It was about two blocks later that Brad called from behind, “Do we even know where Prospect is?”
“Uhh,” I said.
Jeremy looked back and cursed under his breath. I almost yelled at him for cussing, but Eliot
interrupted my train of thought.
“We could get a map from my car.”
Brad laughed. “You mean your grandparent’s car.”
Eliot huffed. “But still. I’m the only one who ever drives it anymore.”
“Fine,” I said.
After we’d gotten the map and looked up Prospect, we found that it was about half a mile west of Jeremy and I’s house.
“You’d think they’d be more original in their hiding,” Brad said. “It’d make it more fun.”
Jeremy socked him in the jaw for that and Brad stumbled back, shocked at the anger in Jeremy’s usually calm eyes.
“Don’t you ever say that looking for my lost sister is funny again,” Jeremy yelled at him. Then he stalked off to his bike and pulled it up from the lawn.
“Um.” Eliot and I stared at Brad’s split lip and he scowled. “That was a cheap shot.” He whipped the blood away with his wrist and shrugged as though it didn’t hurt.
I followed Jeremy and got on my bike. Before I followed him down the street, I glanced back at Brad.
He waved me off and got on Eliot’s pegs, ready to go. “Whatever,” he muttered.
To say the least, I was glad Jeremy socked him one. He’d deserved it. For one, he was out of line.
For another, I’d wanted to hit him for a long time. It bugged me that he’d think that looking for my missing little sister was fun. I was terrifying, to tell the truth. Every turn down a different street, I half-expected her to be there, only strewn to the side of the road, dead from being hit by the nearest car.
I tried my best to shake the disturbing images from my mind as we rode toward Prospect. What were we supposed to find when we got there, anyway? Her?
No such luck.
When we got to 121 Prospect, we came upon an empty, weed-infested lot.
“Well.” Eliot stepped into the calf-deep tangled grass and looked around. “That was worth every back-breaking pedal with Lard, here, riding on the back pegs.”
Brad came up behind him, ready to tackle, when I sighed. “But she wouldn’t lead us here for nothing . . . right?”
“If that was even what she meant to do,” Jeremy said.
“True,” Brad piped up. “We could have been wrong from the start.”
Eliot tramped through the lot, looking at the ground, or what he could see of it, the whole time.
“Maybe she left a clue?”
“Start looking,” I told the other two, agreeing with Eliot.
We combed through the lot several times before flopping down on the sidewalk, ready to give up.
“There’s got to be a better way to do this,” Brad said.
Jeremy nodded. “You’d think a girl would leave easy clues to find!”
“Obviously, she isn’t as stupid as you thought she was, Jeremy,” I retorted coldly. Just because she was a girl and his sister didn’t mean he had to belittle her.
Then something at the edge of the field caught my eye. There was a systematic patch of weeds missing.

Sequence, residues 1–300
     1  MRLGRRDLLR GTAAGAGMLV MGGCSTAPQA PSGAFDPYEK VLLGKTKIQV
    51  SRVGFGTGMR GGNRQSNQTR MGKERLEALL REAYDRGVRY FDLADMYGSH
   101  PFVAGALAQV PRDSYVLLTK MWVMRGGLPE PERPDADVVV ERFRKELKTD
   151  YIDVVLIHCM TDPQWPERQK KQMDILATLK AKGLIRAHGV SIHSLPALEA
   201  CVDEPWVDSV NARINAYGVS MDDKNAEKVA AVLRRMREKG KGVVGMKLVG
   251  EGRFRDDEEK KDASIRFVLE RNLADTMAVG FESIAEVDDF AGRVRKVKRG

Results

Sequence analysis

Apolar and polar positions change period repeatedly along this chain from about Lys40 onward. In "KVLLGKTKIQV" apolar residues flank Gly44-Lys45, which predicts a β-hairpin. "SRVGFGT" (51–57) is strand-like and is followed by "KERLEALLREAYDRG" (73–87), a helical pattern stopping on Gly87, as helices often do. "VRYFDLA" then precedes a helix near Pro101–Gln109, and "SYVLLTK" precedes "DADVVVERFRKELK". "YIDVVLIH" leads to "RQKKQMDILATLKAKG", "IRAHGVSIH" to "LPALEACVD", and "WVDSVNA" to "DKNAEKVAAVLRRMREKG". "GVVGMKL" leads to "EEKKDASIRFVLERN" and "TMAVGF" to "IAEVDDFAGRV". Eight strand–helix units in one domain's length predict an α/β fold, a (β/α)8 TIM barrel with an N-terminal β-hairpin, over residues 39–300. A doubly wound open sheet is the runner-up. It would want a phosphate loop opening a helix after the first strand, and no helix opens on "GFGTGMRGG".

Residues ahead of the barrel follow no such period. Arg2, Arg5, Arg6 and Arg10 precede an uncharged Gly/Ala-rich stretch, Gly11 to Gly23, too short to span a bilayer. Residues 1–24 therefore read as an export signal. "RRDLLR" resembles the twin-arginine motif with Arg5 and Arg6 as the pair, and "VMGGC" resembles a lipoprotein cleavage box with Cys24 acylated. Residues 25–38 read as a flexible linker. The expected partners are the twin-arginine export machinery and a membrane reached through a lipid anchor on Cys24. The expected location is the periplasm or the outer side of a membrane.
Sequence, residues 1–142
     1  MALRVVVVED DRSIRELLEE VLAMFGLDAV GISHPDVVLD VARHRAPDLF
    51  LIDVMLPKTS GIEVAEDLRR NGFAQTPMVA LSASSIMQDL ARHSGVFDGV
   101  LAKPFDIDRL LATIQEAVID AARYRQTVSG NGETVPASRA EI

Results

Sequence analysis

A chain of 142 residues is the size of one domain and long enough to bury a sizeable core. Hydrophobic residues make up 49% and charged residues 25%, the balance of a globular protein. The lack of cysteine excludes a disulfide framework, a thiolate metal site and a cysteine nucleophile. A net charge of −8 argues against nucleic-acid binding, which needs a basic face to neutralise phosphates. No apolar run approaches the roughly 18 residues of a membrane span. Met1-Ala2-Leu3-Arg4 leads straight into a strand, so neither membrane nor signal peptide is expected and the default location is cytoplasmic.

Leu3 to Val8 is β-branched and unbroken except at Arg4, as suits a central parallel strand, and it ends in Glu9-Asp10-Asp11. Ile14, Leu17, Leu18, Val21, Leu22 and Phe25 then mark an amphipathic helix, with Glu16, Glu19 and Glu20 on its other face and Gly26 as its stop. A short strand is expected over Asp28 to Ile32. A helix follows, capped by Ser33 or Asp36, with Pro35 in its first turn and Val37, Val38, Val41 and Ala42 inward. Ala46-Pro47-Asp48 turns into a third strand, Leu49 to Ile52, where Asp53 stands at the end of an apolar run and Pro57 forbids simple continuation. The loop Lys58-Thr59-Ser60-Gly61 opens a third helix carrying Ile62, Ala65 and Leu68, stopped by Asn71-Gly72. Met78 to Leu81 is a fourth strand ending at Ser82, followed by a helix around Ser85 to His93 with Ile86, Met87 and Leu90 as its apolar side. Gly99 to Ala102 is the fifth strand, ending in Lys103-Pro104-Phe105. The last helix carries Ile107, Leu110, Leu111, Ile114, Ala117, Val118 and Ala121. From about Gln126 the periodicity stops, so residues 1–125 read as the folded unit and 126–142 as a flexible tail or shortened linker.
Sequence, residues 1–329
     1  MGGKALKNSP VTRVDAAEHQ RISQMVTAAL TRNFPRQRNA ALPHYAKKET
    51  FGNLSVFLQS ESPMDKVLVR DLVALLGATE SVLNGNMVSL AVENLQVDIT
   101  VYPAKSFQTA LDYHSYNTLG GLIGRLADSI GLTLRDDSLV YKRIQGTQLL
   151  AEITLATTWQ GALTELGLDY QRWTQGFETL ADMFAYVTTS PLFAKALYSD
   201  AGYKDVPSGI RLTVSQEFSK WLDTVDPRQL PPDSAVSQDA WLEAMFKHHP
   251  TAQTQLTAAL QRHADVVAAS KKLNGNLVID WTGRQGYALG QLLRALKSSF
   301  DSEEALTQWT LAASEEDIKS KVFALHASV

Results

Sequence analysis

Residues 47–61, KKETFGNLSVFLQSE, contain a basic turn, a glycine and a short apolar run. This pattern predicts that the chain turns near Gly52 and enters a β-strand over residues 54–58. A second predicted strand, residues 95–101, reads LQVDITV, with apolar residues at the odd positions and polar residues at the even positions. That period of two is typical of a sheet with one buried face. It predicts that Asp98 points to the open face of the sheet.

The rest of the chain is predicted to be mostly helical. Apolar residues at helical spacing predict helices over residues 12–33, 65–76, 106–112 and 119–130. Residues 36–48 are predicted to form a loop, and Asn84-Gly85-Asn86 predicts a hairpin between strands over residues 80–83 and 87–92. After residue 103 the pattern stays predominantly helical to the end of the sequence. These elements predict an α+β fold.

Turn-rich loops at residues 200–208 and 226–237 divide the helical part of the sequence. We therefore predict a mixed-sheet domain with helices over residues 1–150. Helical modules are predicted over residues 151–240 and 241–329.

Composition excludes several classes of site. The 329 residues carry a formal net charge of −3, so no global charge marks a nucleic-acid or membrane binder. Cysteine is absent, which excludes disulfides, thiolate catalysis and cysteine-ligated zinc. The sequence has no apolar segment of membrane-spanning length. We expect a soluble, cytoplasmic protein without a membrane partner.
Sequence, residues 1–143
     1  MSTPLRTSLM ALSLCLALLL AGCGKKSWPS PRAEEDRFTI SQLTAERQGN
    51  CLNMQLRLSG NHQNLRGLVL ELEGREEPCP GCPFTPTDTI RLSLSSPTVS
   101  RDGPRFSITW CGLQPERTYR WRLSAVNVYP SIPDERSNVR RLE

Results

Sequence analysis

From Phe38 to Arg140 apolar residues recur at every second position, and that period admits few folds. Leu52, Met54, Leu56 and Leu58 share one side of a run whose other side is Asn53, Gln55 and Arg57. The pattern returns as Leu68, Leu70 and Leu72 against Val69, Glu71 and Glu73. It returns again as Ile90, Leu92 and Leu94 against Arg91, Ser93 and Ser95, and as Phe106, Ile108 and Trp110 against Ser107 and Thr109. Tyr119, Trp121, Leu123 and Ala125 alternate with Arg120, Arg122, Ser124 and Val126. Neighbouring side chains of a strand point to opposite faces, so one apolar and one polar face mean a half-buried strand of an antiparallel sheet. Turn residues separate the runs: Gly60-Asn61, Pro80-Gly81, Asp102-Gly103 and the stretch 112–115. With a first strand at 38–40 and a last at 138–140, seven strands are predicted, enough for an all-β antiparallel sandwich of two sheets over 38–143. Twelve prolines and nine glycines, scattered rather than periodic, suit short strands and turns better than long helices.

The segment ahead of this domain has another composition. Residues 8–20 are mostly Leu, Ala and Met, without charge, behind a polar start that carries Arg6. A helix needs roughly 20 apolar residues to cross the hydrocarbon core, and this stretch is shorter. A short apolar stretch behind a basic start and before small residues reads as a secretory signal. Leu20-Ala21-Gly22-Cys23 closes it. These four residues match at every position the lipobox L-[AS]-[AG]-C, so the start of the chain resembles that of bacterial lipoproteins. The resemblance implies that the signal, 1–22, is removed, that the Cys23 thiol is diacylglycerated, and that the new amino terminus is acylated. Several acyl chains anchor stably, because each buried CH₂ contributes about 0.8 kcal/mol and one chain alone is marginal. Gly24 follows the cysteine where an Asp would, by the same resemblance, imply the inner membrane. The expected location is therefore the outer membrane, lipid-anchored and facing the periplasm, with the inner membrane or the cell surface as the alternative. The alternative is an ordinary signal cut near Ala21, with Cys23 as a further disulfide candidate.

I scrambled to it on my knees I was so excited and leaned over it. It resembled a rectangle, but in dirt, the weeds pulled away from the ground to reveal the dir beneath. The rectangle formed an arrow with the two meeting sidewalks on Prospect and McKinley Ave.
“Found it!” I pumped my fist in the air and whirled on my knees, ready to see the great sign from God that my sister had meant for me. But . . .
There was little more than a STOP sign.
Jeremy was crouched beside me now, staring at the arrow. “How disappointing,” he muttered, still looking the ground but knowing that my elation had been completely deflated.
“Well that stinks,” Eliot said, now on his knees in the grass beside the arrow. “It doesn’t point to anything—”
“Except the STOP sign,” Brad finished for him.
I stood and went to the sign—walked a full circle around it. “Nothing,” I said.
“We could have been wrong from the start,” Brad pointed out. “Would she really lead us to an empty field and then expect us to find this,” he motioned to the arrow, “that points at a random sign?”
Jeremy stood and huffed aloud, his eyes still on the arrow. “Well . . . yeah.”
I nodded. “The contact in her phone. That’s me, you guys. The god Jupiter was called Jove sometimes.”
They all stared at me.
“Then why,” Eliot finally said,” did you not tell us this before?”
I shrugged. “Thought it was stupid to say. That’d she’d want me to find her, I guess. Since she’s been hiding from me since the . . .”
Suddenly, Jeremy dropped to his knees by the sign post and started pawing around at the base, digging away at the dirt and weeds.
“What are you doing, weirdo?” Brad nudged him with his foot, but Jeremy kept working.
“Help me here, man,” he muttered as he dug, his fingers already filthy. I got down on my knees again and started at the other side of the pole. Eliot and Brad just stood where they were, staring at us like we were out of our minds.
“What are you even looking for,” Eliot asked, his voice on the edge of a you’re-insane-and-I-knew-it-all-along tone.
Jeremy sighed and sat back. “The other day, Cam mentioned that she’d gotten enough money for a costume, but that she didn’t want to spend it on a costume.”
“And you think she buried it,” Brad asked, crouching down beside us.
Jeremy shrugged. “Pretty much.”
“By a STOP sign,” Eliot said.
I grinned. “Some treasure hunt.”